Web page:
•enabled local researchers, scholars and scientists at a Malawi agricultural college to produce quality and well researched project reports, scientific papers, theses and dissertations
•enabled a Nepalese paediatrician to save children’s lives through better treatment of diarrhoeal diseases, at the same time as developing his hospital’s journal into a scientifically rigorous publication
•helped a physician to improve the lives of HIV-infected children in Zambia
See also the video.
•allowed a Nigerian researcher to complete his PhD and other research on organic agriculture, biopesticides and biofertilizers, while facilitating his acceptance into the global research community in his discipline
•helped a researcher from Burkina Faso to develop better and more informed scientific writing skills, produce focused research that he can discuss with top researchers worldwide, compete more effectively for research funding, and deliver better teaching programmes
See also the video.
•allowed a Sudanese policy-maker to introduce evidence-based policy development designed to improve the Sudanese people’s health in the long term
•enabled a midwife to improve maternity care in Zimbabwe and reduce maternal and neonatal mortality rates
•helped an Ethiopian physiotherapist find better ways to treat his patients and teach his students
See also the video.
IPA: What role do librarians play in the Research4Life process?
From information literacy training to building infrastructure and outreach, librarians are critical to building a healthy research culture in the developing world and they are often the “unsung heroes” in the research ecosystem.
For this reason, Research4Life commissioned a special booklet, Unsung Heroes, Stories from the Library – narratives from individuals around the world who have in reality become the unsung heroes of research in their institutions. The booklet documents how:
•A Ugandan agricultural librarian has been able to drastically reduce the use of print resources, minimizing congestion in the libraries while boosting usage and output.
•A Kenyan librarian has embedded Research4Life usage across ten campuses, ramping up research and demonstrating that the library is research’s digital backbone.
•Equipping a new research centre in the Maldives has increased the country’s ability to educate its future scientists and policymakers.
•A health librarian was inspired to write her PhD on solving low Research4Life uptake and then developed a powerful training infrastructure at Ugandan universities.
•A Kenyan librarian became an expert on information technology and electronic data resources at her university, collaborating with doctors and nurses to find the research they need to effectively treat their patients.
•A Kenyan librarian developed specialist skills in electronic data resources and now regularly trains new students in Research4Life within a month of their starting classes.
•A tech-savvy Honduran medical librarian created a one-stop virtual medical library, resolving security issues which had previously prevented access.
•An early Research4Life adopter in Nigeria turned around medical and nursing curricula to include information literacy and Research4Life training.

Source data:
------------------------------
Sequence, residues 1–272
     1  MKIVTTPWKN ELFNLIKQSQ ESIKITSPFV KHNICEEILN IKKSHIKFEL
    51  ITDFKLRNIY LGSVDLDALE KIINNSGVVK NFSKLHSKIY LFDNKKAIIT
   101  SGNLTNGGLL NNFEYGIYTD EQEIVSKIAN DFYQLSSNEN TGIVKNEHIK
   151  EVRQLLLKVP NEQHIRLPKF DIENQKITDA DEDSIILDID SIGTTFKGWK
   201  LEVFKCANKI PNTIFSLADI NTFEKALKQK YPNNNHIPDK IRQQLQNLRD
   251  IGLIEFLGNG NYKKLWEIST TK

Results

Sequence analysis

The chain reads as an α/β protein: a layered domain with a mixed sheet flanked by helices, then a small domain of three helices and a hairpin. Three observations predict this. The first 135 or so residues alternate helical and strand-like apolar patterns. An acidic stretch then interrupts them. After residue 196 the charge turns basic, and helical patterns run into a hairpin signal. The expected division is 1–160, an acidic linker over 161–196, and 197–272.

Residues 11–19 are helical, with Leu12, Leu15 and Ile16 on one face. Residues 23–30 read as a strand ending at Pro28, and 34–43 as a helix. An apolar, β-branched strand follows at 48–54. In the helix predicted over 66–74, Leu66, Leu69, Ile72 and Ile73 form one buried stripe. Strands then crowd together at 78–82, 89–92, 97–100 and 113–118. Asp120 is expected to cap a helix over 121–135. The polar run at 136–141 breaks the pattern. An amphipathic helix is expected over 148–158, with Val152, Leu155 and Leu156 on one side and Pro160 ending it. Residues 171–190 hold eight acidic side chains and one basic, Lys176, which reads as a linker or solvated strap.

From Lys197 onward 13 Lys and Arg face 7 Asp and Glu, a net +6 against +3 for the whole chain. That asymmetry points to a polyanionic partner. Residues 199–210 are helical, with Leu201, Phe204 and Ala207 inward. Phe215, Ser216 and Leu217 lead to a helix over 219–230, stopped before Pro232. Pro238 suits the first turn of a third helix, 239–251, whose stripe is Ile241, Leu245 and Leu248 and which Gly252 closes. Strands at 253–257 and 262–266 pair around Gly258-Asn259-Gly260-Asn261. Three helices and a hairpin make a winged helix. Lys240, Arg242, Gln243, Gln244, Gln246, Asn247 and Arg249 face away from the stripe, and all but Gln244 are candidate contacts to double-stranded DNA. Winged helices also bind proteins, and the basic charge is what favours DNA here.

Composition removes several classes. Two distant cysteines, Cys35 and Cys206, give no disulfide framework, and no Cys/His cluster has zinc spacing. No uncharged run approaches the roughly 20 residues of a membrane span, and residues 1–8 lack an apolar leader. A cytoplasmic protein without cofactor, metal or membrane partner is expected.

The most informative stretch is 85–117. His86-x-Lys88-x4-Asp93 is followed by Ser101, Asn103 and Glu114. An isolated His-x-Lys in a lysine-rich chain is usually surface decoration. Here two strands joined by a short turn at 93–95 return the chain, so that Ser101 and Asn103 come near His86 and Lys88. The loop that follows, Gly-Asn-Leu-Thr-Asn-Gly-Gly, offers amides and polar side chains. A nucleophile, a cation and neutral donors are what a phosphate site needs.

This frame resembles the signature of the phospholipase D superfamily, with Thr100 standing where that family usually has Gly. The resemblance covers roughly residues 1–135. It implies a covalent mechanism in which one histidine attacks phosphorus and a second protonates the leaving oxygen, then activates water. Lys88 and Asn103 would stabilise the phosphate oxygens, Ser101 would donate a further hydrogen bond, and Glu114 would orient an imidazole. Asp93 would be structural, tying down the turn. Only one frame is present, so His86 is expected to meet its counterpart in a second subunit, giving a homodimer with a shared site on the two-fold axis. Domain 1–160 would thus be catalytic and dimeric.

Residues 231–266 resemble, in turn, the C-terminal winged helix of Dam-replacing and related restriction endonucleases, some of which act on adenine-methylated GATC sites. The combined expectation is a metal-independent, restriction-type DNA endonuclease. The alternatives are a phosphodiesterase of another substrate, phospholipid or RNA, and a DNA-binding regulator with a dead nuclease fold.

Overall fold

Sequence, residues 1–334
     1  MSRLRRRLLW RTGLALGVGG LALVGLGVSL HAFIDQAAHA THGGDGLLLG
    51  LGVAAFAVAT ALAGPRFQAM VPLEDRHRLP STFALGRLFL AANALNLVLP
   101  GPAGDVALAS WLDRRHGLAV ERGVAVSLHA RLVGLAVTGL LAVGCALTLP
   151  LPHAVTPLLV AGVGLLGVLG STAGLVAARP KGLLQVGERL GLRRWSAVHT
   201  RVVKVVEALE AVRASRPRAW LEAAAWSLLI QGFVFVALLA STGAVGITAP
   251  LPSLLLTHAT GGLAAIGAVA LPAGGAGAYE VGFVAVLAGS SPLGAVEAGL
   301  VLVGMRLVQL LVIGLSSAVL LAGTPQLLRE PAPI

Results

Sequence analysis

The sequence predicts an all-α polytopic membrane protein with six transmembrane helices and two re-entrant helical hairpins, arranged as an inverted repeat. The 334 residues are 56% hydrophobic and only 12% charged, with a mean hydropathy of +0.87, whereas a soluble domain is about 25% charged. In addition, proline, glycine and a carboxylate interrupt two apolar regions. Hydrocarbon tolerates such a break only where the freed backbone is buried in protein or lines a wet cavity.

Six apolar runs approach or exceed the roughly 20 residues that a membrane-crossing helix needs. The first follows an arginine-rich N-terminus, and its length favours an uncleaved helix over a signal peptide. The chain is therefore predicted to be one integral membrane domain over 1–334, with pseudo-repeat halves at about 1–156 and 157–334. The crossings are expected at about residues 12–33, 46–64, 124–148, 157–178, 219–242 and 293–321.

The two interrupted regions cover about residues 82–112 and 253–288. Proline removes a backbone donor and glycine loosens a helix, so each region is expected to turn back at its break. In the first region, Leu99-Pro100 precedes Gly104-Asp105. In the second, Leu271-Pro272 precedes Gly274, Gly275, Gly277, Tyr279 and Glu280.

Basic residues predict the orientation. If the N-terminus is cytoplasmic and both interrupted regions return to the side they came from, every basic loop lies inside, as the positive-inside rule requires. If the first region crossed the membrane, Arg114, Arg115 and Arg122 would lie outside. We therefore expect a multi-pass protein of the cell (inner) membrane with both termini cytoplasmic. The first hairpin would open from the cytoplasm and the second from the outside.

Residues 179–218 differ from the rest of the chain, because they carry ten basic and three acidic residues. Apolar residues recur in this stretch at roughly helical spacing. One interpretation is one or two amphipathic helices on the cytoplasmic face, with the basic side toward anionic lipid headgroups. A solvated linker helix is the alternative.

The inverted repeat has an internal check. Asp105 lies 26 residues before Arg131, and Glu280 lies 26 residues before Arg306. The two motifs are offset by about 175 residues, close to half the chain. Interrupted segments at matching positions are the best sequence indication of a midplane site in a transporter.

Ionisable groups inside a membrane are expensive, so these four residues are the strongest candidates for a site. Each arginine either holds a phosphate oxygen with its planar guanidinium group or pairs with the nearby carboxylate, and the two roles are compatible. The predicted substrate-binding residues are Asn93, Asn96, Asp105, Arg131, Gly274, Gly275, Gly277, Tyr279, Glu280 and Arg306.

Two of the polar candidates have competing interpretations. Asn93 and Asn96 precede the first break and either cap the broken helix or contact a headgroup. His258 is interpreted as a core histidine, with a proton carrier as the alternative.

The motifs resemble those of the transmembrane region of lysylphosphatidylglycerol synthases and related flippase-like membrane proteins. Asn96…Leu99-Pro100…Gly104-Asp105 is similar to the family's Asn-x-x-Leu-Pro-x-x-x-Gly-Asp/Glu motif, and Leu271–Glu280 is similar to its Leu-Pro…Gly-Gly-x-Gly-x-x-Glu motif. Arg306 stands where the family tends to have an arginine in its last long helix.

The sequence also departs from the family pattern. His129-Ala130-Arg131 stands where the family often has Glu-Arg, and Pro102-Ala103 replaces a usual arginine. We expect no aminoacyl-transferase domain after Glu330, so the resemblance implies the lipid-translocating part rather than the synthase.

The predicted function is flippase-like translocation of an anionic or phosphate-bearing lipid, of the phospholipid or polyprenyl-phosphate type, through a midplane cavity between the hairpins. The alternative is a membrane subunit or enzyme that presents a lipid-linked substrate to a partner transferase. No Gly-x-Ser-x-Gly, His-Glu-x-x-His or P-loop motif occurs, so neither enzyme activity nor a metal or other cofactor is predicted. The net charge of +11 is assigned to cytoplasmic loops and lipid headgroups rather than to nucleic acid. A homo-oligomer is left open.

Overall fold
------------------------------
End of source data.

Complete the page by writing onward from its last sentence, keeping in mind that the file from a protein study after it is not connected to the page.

•A Ugandan librarian has promoted the use of Research4Life at Makerere University, which has subsequently seen a substantial rise in research productivity.
Last year we supplemented our case studies with a more extensive survey of HINARI users, which you can find here.
IPA: What have been the toughest challenges in getting Research4Life to this stage?
Our toughest challenges to date remain our toughest challenges for the future. Providing developing countries with access to research content is only one element (and in some respects the easiest element) in a research ecology where the biggest barriers remain technological infrastructure issues (slow internet speeds, unreliable power supplies, lack of computers in libraries), research funding issues (if there is little money available to fund research at developing country institutions then there is proportionately little demand for access to the resources we provide which would support such research), and training resource issues (demand for training in how to use our research content hugely outweighs the resources we have to supply it).
IPA: What feedback are you receiving from publishers about Research4Life?
Publishers seem to appreciate the work we are doing – in all of the 13 years we have been operating we have never had a single publisher drop out of the scheme. There is a particularly high level of enthusiasm, among journal editorial staff and among the scientific and professional society owners of many of the journals which are published by our publisher partners, for the fact that we are able to spread knowledge of the research which they sponsor so much more widely than would be possible if commercial considerations were the only forces that were allowed to play out.
Every five years we commission an external review of how well our publisher partners feel we are performing. Interviews and surveys for the latest such review are currently being conducted and we plan to share the results of this review with our publisher partners at our forthcoming annual General Partners Meeting in Geneva in July.
IPA: How can new publishers get involved with the project?